Ominous thoughts in Extermination #1

There is some merit to the approach taken here.  Rather than just ignoring the subplots of the last few years and pretending they did not happen Extermination #1 decides to tackle the issue head on.  So what we have here is Ahab and his hounds jumping over from an ongoing Rachel Grey subplot in X-Men Gold to hunt the X-Men Blue team, with perhaps more success than you would expect.  Similarly a new face (sort of) is also moving against the X-Men Blue team for reasons yet unknown, and they likewise have a certain degree of success.

Extermination #1 is so far establishing a number of questions that need answering while also wiping out some continuity chaff.  Most notably is the removal of Bloodstorm from the board, which is a bit of a safe starting point since she should probably never have been floating around in the first place.  Between her and the second character knocked out of play in this issue (I will not spoil who that is) it is apparent that part of the remit of this series is to get us back down to the only having a single version of each X-Man.  The ultimate goal, I assume, is to get the various time displaced characters back to their correct time stream at long last.  And good riddance to that.

Thoughts on the Art

Jumping over from Avengers: No Surrender is Pepe Larraz on art, with Marte Gracia joining him on colors.  Extermination #1 is an action-heavy issue, and Pepe is a master of action sequences.  He does struggle a bit in this issue on calmer scenes, with facial expressions in particular suffering from time to time.  Overall, though, he brings the same engaging work to this book that he did to No Surrender.  I would not be surprised if Marvel kept handing him high profile event books, and well they should.  Marte also brings a large palette of colors to bear, which keeps the book visually interesting despite the number of dark alleys and the nighttime setting of most of the book.  There are a few visual hiccups throughout, but overall this is a solid, good looking book from start to finish.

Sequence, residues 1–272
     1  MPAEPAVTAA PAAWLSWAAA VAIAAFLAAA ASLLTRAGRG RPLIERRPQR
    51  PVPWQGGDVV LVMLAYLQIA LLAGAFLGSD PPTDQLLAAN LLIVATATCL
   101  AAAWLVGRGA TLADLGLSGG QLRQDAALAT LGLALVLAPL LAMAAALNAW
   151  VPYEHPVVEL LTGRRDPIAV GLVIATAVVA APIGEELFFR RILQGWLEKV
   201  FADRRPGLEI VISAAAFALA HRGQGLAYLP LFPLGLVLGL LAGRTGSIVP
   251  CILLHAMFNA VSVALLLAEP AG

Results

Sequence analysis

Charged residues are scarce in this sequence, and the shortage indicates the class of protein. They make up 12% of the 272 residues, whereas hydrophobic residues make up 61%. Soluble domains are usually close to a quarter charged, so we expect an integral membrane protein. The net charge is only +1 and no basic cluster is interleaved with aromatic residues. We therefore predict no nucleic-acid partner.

Ahab and Cyclops in Extermination #1

Final Thoughts

As a starting point this issue works well.  I truly hope that this series does not descend into a pointless bloodbath of secondary characters being offed, but at the same time I hope this first issue was not simply throwing some characters out as a token nod to making it seem impactful.  The X-Men have been in serious need of some house cleaning for a while, and if done properly Extermination could certainly fit the bill for that.  This series is also much shorter than No Surrender — down to five issues from fourteen — so there is much less room for fluff, which dragged the original series down a bit.

As a new beginning for the X-Men Extermination #1 seems to be a solid opening issue.  Unlike No Surrender I would probably counsel interested new readers to perhaps wait for the Uncanny X-Men relaunch before diving in, or going back and reading X-Men Gold and X-Men Blue before starting here.  Either way, Extermination is doing a job that is necessary, and it is off to a decent enough start for that purpose.  For the first time in a while it seems like the X-Books may finally regain some focus and ditch some of the unnecessary trappings it has picked up in recent years.

Extermination #1

4.99
8

Extermination #1 Final Score

8.0/10

Pros

  • Much needed continuity cleaner
  • Packs a lot into a single issue
  • Solid cliffhanger ending

Cons

  • Not new reader friendly